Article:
McElvaney's research will examine how infusions of AAT reduce the levels of destructive molecules known as reactive oxygen species (ROS). ROS are produced by neutrophils circulating in the lungs. AAT inhibits the activity of neutrophils and thus the production of ROS. When AAT is deficient, ROS levels rise dangerously and inflict damage to lung tissue. McElvaney's team will study how infusions of AAT bind to neutrophils.
Gelling's research will investigate which variants of the alpha-1 antitrypsin gene predispose individuals with AAT deficiency to liver damage and which gene variants are protective. Researchers have previously shown that individuals with the "Z" mutation of AAT gene are at increased risk for producing sticky AAT proteins that clump in the liver and form plaques. Yet scientists have no way of predicting which individuals will be affected. Gelling's team will use genetically engineered baker's yeast to produce the sticky proteins and then analyze precisely how the proteins malfunction.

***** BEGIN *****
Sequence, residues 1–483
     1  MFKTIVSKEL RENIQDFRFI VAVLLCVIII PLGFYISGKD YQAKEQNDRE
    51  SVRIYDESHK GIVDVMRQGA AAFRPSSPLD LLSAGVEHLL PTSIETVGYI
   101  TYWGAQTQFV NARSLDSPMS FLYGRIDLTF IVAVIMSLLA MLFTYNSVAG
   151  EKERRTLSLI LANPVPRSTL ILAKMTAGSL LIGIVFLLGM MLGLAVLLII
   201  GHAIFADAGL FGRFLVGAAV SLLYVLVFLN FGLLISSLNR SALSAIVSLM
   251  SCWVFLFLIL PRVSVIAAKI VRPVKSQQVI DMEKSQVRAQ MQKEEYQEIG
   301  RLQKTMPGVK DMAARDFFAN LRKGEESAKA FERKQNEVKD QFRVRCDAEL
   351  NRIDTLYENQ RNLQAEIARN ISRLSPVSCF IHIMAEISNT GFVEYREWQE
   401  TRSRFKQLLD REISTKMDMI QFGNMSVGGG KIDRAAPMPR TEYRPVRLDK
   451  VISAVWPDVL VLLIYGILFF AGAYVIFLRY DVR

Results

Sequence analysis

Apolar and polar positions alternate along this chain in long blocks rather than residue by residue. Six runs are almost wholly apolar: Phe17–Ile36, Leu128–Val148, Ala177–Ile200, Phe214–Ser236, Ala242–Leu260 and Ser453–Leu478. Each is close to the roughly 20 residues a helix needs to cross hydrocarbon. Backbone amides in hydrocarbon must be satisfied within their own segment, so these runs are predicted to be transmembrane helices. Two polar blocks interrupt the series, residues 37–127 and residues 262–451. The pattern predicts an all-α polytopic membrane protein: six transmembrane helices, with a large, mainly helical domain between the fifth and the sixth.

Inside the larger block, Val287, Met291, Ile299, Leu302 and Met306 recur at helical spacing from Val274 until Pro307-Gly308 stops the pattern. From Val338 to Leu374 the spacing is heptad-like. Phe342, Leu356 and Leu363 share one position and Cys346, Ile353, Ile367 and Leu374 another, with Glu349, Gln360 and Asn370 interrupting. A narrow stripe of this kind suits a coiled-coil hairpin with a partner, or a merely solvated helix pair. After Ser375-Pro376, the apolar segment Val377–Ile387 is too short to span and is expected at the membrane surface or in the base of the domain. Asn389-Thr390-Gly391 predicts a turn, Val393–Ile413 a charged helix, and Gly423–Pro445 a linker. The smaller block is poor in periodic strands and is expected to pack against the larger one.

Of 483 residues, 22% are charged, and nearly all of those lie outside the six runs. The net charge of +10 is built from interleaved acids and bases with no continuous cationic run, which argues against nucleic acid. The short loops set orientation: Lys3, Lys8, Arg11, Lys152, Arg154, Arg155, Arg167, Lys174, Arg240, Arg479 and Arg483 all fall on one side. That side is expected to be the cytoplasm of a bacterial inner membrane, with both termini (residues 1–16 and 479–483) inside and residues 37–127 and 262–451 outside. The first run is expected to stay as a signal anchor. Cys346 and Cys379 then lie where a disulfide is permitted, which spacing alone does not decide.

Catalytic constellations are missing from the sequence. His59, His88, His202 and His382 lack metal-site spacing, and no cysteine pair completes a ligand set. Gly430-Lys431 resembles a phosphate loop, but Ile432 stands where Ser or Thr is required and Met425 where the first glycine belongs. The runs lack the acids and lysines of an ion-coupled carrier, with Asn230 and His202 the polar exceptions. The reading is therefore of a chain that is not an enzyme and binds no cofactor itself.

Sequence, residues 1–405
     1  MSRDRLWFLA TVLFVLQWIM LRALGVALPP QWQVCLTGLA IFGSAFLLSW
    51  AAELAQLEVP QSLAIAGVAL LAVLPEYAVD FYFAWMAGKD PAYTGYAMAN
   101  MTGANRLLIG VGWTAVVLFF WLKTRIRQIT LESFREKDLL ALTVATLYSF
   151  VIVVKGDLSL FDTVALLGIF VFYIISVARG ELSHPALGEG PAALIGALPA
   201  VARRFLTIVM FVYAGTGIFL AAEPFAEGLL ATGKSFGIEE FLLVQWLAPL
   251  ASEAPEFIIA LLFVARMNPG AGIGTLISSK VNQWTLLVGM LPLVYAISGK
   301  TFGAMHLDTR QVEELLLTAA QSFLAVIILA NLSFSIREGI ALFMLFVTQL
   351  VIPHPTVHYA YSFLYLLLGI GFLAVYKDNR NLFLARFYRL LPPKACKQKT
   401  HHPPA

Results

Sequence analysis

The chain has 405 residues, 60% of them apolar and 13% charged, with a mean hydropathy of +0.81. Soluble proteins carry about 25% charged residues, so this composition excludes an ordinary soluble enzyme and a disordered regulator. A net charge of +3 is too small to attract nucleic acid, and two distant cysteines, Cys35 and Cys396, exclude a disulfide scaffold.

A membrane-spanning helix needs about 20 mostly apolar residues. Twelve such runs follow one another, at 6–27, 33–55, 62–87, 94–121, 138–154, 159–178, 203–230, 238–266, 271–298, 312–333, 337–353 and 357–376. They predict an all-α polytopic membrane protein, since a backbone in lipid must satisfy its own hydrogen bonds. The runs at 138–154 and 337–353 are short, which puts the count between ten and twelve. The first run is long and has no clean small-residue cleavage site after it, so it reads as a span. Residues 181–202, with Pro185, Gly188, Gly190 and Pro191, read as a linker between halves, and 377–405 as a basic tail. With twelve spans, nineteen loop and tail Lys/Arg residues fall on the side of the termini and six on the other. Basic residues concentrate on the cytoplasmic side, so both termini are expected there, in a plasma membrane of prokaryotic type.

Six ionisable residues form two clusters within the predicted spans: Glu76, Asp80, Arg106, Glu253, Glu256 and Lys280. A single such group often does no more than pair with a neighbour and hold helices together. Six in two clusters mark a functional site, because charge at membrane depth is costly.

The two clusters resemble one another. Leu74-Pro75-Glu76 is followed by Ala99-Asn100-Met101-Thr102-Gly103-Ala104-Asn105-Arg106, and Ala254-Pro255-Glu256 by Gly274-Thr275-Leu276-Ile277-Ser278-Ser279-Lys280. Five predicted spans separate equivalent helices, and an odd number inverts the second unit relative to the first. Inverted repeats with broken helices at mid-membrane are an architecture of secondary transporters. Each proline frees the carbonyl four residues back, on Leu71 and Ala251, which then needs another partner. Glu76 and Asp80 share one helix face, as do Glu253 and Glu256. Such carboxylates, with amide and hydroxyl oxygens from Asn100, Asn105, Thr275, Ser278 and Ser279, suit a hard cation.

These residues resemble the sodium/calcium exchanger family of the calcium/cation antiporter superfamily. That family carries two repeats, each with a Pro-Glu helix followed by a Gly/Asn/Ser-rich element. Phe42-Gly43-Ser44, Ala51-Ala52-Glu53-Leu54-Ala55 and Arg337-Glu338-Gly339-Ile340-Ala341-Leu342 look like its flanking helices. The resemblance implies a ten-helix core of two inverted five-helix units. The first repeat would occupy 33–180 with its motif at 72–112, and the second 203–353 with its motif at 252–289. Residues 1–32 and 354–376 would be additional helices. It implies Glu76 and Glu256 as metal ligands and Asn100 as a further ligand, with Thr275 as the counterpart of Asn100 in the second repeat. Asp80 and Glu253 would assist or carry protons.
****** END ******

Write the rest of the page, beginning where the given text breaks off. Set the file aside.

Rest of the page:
About the Alpha-1 Foundation:
The mission of the Alpha-1 Foundation is to provide the leadership and resources that will result in increased research, improved health, worldwide detection, and a cure for Alpha-1 Antitrypsin Deficiency. For more information, please visit: www.alphaone.org.
About Talecris Biotherapeutics: Inspiration. Dedication. Innovation.
Talecris Biotherapeutics (Nasdaq: TLCR) is a global biotherapeutic and biotechnology company that discovers, develops and produces critical care treatments for people with life-threatening disorders in a variety of therapeutic areas including immunology, pulmonology, neurology and hemostasis.
|SOURCE Talecris Biotherapeutics, Inc. and The Alpha-1 Foundation|
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